Working our way through the columns in the Wikipedia table:



There is a positive correlation between Freedom Score and Christianity, although there are non-Christian countries with high freedom scores (Mongolia, Northern Cyprus, the Czech Republic) and (at least nominally) Christian countries with low ones (Central African Republic, Democratic Republic of the Congo, Equatorial Guinea, Burundi, Swaziland).


There is a negative correlation between Freedom Score and Islam, although there are non-Muslim countries with low scores (Central African Republic, Equatorial Guinea, South Sudan, North Korea, and many others) and Muslim countries with reasonable ones (Northern Cyprus, Senegal).


There is a positive correlation between Freedom Score and what Wikipedia calls Irreligion, though there are few countries where Irreligion is very high (the Czech Republic being the exception) and this creates significant uncertainty in the relationship.


There are only two countries where Hinduism is common (India and Nepal), so the data do not provide useful evidence about its relationship to Freedom Score (we can draw a horizontal line in the grey area).


There are likewise few countries where Buddhism is common (Burma, Cambodia, Thailand), so the meaning of the data is again unclear.


We see the same issue with Folk Religion – no data at the high end (although what we can see doesn’t look good).


Likewise, there is little data for Other Religion,


or Judaism (with Israel out on its own).

Discussion

So what can we conclude from this, and what can’t we conclude?

Clearly, there does appear to be a real basis for the perception that Islamic societies are oppressive, while Christian societies are not and societies with a high proportion of atheists are not.

It does not follow that Islam causes oppression – oppression could lead people to Islam (though it’s not clear how) or some other, confounding, characteristic could both cause oppression and lead people to Islam (though it’s not clear what).  But the most obvious explanation may also be true.  Similarly, it may be that atheism promotes freedom, but could also be that free societies are the ones that allow people to identify openly as atheists.  Studies using whole-of-population statistics like this one cannot answer these questions.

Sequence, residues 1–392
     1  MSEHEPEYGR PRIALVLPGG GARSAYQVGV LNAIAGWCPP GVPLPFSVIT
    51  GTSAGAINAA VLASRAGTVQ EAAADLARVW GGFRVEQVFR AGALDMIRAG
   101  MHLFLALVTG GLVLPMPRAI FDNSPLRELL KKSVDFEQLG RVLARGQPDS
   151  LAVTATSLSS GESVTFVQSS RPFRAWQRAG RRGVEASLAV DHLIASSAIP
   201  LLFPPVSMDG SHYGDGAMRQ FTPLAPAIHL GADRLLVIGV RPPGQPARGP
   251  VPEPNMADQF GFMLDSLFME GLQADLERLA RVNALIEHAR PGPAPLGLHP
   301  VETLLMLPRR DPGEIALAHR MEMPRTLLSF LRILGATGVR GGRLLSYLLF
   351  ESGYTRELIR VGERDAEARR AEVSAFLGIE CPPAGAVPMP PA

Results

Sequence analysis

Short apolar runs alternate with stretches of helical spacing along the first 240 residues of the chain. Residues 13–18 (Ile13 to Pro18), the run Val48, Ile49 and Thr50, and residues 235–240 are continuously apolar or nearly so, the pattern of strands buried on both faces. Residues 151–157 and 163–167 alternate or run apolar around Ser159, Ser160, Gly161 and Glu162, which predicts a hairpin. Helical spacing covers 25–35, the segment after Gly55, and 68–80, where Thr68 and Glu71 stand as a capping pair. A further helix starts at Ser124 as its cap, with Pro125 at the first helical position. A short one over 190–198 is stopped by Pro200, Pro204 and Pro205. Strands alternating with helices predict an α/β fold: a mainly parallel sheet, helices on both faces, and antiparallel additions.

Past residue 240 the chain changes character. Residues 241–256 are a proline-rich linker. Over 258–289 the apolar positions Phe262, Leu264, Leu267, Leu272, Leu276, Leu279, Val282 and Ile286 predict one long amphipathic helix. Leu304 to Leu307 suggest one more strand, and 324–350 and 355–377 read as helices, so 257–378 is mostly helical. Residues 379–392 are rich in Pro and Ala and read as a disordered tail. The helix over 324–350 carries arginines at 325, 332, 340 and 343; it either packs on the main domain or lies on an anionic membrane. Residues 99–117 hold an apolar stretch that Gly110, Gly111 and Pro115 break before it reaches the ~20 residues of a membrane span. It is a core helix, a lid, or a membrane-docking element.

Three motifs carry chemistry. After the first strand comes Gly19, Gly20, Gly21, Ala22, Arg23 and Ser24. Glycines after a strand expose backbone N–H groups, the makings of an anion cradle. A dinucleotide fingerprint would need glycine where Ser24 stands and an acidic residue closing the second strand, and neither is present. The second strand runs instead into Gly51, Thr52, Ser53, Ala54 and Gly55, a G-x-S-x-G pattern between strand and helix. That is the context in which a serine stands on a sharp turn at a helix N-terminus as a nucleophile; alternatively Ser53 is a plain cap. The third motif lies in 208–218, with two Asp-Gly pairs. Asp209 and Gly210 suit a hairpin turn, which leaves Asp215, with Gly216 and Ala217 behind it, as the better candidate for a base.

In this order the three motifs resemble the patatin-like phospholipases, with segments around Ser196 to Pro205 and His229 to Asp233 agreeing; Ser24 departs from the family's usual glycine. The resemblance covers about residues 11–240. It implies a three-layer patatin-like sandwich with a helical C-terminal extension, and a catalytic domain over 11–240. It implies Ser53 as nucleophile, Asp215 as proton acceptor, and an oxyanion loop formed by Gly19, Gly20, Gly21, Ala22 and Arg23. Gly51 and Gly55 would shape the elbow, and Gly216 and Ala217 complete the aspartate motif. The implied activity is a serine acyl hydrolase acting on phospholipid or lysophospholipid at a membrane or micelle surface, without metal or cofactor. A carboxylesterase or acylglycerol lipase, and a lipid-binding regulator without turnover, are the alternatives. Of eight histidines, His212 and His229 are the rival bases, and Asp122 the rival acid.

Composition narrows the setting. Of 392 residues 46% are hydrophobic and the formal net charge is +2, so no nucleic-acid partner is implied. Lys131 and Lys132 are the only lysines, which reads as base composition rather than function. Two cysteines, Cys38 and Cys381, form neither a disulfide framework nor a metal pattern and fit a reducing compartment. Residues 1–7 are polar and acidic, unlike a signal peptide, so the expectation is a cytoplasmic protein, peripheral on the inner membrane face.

It does not follow that the Muslims are the oppressors, though this is the most obvious explanation and may well be true.  An examination of Islamic history may help clarify whether this is plausible[4].  Similarly, it does not follow that Christians or atheists champion human rights, though they may.

It could be argued that Islamic societies sacrifice freedom in the pursuit of some more important good.  It is not clear what this might be, but the reader is invited to offer suggestions.  I intend to address such possibilities in future investigations.

Conclusion

The study shows an association between Freedom Score and Islam, which is negative.

The study shows an association between Freedom Score and Christianity, which is positive.

The study shows an association between Freedom Score and Atheism, which is positive, though less clearly so.

The data are not useful for examining other religions, so I will not do so in future investigations.


[1] See, for example, https://en.wikipedia.org/wiki/Human_rights_in_Muslim-majority_countries.
[2] https://freedomhouse.org/report/freedom-world-2018-table-country-scores
[3] https://en.wikipedia.org/wiki/Religions_by_country
[4] Unsheathed – the Story of Muhammad springs to mind, at least for me.  See http://www.answeringmuslims.com/2018/06/unsheathed-story-of-muhammad-now-free.html.

Freedom map from Wikipedia.